Thursday, October 18, 2012

Townsend: Etude No. 1 by Heitor Villa-Lobos

I just have a little piece for you today. Heitor Villa-Lobos (1887 - 1959) is a very important composer, one of the short list of figures who created a modern school of composition in Latin-America. The two main influences on his music were the native music of Brazil and modern European music which he encountered through the French composer Darius Milhaud who was a member of the French legation at the time and introduced Villa-Lobos to the music of Debussy, Satie and possibly Stravinsky.

In the 1920s Villa-Lobos met Andrés Segovia, who inspired him to write etudes for guitar. These, though not easy to play, turned out to be successful compositions, adding a whole new dimension to the guitar repertoire and were followed by a set of preludes that are very frequently heard, and a concerto for guitar and orchestra.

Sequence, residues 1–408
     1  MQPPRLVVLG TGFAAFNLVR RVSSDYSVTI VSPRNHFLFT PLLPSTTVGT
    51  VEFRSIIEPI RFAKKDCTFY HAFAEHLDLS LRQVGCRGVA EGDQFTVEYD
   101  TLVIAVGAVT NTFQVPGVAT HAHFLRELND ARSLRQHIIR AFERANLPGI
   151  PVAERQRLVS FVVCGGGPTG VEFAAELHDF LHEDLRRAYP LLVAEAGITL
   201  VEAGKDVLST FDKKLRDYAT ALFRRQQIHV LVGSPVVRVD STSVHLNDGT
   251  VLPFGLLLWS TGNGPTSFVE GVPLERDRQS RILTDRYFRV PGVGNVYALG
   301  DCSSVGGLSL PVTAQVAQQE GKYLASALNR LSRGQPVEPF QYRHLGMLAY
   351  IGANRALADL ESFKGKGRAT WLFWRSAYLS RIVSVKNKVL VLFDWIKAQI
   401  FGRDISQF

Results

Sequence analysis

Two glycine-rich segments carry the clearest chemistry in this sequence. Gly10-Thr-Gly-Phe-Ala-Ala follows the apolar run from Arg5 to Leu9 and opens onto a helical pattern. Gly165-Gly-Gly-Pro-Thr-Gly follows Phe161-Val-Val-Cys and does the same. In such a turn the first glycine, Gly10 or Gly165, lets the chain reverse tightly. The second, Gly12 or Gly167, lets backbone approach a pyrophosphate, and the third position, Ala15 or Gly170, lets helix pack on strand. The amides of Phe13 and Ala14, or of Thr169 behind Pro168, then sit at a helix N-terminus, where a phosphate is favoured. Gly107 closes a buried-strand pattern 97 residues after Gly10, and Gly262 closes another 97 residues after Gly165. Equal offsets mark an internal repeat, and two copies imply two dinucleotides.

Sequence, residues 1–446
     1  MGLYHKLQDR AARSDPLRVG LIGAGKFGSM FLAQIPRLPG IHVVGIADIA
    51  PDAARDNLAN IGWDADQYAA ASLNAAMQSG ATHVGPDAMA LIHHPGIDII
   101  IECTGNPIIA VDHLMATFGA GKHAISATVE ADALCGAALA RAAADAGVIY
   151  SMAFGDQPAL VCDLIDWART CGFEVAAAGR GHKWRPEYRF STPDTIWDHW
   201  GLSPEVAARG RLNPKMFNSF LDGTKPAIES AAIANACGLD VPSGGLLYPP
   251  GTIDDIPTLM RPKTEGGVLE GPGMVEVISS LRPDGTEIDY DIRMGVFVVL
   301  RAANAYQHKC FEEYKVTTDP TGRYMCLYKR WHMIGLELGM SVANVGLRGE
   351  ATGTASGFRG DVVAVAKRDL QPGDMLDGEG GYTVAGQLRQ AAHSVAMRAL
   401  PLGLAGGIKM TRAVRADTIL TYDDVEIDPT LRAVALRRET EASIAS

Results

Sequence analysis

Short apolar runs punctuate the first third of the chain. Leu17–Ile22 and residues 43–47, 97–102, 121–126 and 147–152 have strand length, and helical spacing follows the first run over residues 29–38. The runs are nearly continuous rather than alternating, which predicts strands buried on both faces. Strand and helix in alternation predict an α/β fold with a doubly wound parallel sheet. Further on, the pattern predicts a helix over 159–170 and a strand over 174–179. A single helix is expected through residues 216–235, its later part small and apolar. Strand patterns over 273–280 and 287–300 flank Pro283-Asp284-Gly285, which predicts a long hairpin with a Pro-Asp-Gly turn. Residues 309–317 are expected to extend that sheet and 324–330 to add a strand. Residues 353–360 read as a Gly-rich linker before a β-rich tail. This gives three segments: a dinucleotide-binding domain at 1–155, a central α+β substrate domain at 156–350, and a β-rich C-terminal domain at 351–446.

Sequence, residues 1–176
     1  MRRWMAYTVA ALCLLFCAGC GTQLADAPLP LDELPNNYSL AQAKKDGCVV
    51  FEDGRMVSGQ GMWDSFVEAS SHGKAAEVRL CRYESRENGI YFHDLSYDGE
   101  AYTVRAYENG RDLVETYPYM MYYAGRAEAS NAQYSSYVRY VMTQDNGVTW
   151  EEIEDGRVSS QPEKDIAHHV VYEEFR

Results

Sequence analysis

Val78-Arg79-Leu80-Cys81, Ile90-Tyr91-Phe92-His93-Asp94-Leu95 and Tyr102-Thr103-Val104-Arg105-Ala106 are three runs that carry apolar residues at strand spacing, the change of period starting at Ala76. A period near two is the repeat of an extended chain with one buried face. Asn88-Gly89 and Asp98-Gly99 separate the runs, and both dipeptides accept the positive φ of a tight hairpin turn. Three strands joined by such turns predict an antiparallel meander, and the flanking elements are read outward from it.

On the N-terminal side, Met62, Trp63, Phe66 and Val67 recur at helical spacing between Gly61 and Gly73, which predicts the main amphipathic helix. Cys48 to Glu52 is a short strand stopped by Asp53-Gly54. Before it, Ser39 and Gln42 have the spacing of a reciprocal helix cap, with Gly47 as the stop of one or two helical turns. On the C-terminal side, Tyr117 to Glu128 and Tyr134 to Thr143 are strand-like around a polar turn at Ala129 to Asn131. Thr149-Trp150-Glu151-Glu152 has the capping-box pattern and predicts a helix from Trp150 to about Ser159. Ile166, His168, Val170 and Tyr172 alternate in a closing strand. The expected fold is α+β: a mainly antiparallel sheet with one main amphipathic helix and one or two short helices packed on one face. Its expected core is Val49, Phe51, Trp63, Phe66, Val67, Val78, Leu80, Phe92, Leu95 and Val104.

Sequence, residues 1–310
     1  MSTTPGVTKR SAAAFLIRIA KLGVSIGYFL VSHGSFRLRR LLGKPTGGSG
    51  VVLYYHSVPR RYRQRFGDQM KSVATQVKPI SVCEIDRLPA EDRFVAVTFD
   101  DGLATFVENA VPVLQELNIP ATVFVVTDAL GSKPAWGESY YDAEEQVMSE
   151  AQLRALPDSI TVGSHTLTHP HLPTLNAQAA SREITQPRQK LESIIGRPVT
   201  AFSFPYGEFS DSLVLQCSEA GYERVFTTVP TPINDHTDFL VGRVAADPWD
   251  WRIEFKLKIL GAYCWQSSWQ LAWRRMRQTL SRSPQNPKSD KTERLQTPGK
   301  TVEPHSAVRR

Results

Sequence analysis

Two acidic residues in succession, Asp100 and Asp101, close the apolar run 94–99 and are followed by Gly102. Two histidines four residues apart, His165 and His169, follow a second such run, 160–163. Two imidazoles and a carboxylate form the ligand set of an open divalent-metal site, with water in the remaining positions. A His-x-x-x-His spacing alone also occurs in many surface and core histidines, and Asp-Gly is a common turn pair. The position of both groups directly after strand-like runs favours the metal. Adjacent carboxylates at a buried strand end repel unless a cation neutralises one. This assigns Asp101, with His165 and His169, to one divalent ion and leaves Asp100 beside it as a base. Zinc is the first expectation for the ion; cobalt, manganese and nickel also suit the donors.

The Etude No. 1 is one of the pieces that every aspiring guitar virtuoso struggles with. It is not as hard as it sounds in most ways, but in some ways it is harder. It is not so difficult to play quickly, but quite difficult to play evenly and with good rhythmic control. Nearly every student guitarist makes the same mistake with it: they don't read the tempo marking which is not vivace, presto, prestissimo or muy rapido, but rather is the more modest Allegro non troppo: Fast, but not too fast! Just about every recording is too fast and the notes tend to blend into an indistinguishable mush of sound. To be perfectly frank, if I were recording it again today, I would play it a bit slower. It is clearer, makes more sense and is more beautiful... Here is the first page of the score:

Click to enlarge
As you can see (you may have to click on the image), the tempo is Allegro non troppo!

One interesting thing about the piece is that it always seems to be a favorite with audiences who love the soaring arpeggios and colorful harmonies. Here is my recording:

video

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